McNulty skates on thinner ice when he defends GCC’s Advisory Council on Diversity. Here, McNulty asserts, “the Council was formed in the summer of 2020… It is not operational in any sense, and every reference to the Council acting in some manner, such as organizing book clubs, is misinformed.” This description seems inconsistent, to say the least, with how GCC described the Council in a press release following its formation:

Grove City College President Paul J. McNulty ’80 has announced the establishment of the President’s Advisory Council on Diversity to further the College’s efforts in the promotion of a diverse learning community.

The council will help guide recommendations in the development of strategic initiatives for the recruitment and retention of students, the hiring of new employees and broadening perspectives among all members of the community. It includes faculty, staff, students and alumni who bring relevant experiences to the council’s work as the College addresses opportunities for enriching the campus culture and better preparing students for their personal and professional callings. (Emphasis added)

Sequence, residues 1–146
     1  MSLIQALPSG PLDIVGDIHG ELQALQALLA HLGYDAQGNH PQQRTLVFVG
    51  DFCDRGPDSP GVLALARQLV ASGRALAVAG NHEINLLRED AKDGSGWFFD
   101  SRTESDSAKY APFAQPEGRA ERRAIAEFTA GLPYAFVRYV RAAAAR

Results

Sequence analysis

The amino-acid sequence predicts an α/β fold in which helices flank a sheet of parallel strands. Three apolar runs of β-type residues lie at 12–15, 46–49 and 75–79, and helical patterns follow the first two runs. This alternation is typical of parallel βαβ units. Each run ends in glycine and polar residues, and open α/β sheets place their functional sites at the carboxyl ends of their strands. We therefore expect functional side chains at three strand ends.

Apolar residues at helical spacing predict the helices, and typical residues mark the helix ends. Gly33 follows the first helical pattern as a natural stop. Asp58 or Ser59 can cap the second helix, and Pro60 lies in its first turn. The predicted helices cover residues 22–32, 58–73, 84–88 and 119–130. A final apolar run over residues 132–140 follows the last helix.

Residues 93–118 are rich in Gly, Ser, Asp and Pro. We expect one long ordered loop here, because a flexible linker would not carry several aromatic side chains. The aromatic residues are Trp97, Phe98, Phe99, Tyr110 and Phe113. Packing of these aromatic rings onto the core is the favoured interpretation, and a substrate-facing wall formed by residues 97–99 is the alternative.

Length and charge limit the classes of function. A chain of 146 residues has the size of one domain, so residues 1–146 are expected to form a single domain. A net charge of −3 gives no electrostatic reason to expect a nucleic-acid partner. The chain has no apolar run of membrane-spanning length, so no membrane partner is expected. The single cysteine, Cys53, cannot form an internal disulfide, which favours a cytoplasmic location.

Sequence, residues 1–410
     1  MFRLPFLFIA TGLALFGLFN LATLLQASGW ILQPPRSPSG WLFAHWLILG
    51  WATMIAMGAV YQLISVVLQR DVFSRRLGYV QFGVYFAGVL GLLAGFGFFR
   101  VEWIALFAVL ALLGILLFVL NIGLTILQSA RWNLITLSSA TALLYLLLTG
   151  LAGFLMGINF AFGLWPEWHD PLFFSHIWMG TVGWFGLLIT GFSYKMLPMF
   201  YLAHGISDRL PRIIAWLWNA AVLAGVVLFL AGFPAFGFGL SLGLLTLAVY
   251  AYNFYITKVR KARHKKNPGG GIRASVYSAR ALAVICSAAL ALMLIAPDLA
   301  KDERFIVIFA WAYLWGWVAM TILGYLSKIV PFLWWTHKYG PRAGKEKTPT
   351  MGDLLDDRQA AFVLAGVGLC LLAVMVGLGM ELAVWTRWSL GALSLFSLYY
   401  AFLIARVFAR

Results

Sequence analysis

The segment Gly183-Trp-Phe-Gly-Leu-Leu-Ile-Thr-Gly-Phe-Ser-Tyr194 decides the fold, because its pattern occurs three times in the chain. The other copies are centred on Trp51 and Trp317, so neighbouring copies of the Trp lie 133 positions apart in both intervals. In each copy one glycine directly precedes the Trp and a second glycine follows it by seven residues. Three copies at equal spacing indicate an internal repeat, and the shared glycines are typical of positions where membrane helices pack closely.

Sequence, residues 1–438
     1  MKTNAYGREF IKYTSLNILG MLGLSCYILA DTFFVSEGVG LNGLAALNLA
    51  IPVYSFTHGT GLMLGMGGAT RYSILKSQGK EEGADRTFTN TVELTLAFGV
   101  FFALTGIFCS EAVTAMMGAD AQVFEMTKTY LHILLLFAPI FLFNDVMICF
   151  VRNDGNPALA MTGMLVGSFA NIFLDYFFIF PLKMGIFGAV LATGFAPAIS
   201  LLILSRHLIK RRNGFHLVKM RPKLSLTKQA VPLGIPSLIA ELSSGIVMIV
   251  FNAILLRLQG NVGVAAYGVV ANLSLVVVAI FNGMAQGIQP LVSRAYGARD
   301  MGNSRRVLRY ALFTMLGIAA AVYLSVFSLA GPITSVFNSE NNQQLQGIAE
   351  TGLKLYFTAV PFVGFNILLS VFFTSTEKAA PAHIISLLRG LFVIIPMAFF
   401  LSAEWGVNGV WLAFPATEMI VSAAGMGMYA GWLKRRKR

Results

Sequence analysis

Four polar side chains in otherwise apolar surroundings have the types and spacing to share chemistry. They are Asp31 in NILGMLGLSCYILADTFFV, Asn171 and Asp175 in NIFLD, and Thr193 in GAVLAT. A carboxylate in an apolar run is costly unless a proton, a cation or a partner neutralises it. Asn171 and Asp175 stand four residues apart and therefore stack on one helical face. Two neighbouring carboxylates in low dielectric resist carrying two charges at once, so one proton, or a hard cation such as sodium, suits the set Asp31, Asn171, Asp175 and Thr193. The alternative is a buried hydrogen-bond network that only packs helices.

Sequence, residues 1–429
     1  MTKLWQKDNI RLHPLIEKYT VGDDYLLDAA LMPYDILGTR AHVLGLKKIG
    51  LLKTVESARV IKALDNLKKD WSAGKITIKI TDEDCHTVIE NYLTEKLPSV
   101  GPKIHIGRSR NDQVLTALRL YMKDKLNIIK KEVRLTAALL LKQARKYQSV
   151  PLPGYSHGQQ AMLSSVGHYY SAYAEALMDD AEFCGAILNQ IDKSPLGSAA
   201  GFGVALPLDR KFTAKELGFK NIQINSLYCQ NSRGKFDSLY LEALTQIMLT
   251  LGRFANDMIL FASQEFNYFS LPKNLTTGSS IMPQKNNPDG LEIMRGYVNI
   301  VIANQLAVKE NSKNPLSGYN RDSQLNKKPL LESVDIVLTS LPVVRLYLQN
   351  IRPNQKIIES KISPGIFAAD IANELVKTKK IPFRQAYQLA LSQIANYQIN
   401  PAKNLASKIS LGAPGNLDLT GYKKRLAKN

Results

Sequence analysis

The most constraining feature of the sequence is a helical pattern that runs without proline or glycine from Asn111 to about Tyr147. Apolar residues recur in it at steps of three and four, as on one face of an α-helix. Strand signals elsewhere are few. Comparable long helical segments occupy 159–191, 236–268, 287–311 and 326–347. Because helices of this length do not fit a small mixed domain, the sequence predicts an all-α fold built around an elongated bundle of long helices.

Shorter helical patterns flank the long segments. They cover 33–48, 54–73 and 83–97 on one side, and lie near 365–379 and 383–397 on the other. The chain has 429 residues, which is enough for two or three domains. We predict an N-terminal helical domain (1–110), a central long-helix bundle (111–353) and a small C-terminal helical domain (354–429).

In coverage following the Council’s creation, the Grove City Collegian’s reporting thickens the picture, quoting council members advocating for the creation of venues on campus for minority students to be able to talk about their experiences. In the same article, the Collegian described a campus forum, hosted by GCC’s Office of Multicultural Education & Initiatives, “where students could freely share their experiences about the racial justice protest movement.” Professor and Diversity Council member Cedric Lewis (also a co-teacher of the EDUC 290 class, described in more detail below) spoke at this event, reportedly admonishing students in attendance: “Don’t be afraid to tell your truth.”

Much more could be written about McNulty’s response, but its approach and tenor are notable. To wit, the decision to issue a full-throated defense of questionable institutional actions in response to concerned parents who have made repeated efforts to resolve the matter quietly stands in stark contrast to McNulty’s silence in the face of last summer’s BLM petition, combined with his eventual creation of the Advisory Council on Diversity and its subsequent activities. While the foregoing may not prove that GCC has fallen to CRT, it does betray a lack of respect for GCC’s core constituency and casts doubt on whether GCC’s leadership can continue to provide bold and compelling conservative Christian direction at a moment when other institutions are falling to—and sometimes running toward—the social justice warriors.